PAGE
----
When radioactive is used to determine how old material is it is referred to as carbon dating. The use of carbon-14 delivers the method this is due to the existence of carbon 14 in each and every living organism. To calculate the age of something, you record the activity of carbon-14 and have a comparison to what you would have expected by adding the numbers to the decay equation and considering the half-life.

The following are characteristics of radioactive emissions.

Characteristic Alpha particle Beta particle Gamma ray

Nature Positively charged helium nucleus, He Negatively charged electron, e Neutral

Electric field Bends to the negative plate Turns to the positive plate Does not bend, it is neutral.

Magnetic field Bends a little showing that it has a big mass. The direction of the bend indicates that it is positively charged. Bends a lot showing that it has a small mass. The direction of the bend indicates that it is negatively charged. Does not bend, it is neutral.

Ionising power Strongest Intermediate Weakest

Penetrating power low Intermediate High

Stopped by A thin sheet of paper A few millimetres of aluminium A few centimetres of lead or concrete

Range in air A few centimetres A few metres A few hundred metres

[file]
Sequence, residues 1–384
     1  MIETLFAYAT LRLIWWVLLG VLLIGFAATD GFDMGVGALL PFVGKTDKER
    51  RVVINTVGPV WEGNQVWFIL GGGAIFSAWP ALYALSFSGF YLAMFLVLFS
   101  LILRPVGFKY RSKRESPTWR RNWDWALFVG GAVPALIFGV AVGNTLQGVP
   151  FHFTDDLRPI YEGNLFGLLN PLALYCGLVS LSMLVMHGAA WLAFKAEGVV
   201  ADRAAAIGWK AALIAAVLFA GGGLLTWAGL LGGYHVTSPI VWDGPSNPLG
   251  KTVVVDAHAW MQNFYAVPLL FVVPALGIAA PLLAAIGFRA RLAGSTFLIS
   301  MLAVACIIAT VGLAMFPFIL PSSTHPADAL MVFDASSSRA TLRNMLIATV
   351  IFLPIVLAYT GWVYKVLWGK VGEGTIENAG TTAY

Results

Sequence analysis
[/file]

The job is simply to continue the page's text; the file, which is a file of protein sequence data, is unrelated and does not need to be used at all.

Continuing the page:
Speed 1/20 X the speed of light, c 3%-99% of the speed of light, c The speed of light, c

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REFERENCES

Bakac, M., Tasoglu, A. K., & Uyumaz, G. (2011). Modeling radioactive decay. Procedia-Social and Behavioral Sciences, 15, 2196-2200.

Cappellaro, E., Mazzali, P. A., Benetti, S., Danziger, I. J., Turatto, M., Della Valle, M., & Patat, F. (2007). SNIa light curves and radioactive decay. arXiv preprint astro-ph/9707016.

Nelson, A. W., Eitrheim, E. S., Knight, A. W., May, D., Mehrhoff, M. A., Shannon, R., ... & Schultz, M. K. (2015). Understanding the radioactive ingrowth and decay of naturally occurring radioactive materials in the environment: an analysis of produced fluids from the Marcellus Shale. Environmental Health Perspectives (Online), 123(7), 689.

Segre, E. (2013). Nuclei and particles: an introduction to nuclear and subnuclear physics, (dover books on physics). Dover Publ..

Thorek, D. L., Ogirala, A., Beattie, B. J., & Grimm, J. (2013). Quantitative imaging of disease signatures through radioactive decay signal conversion. Nature medicine, 19(10), 1345-1350.]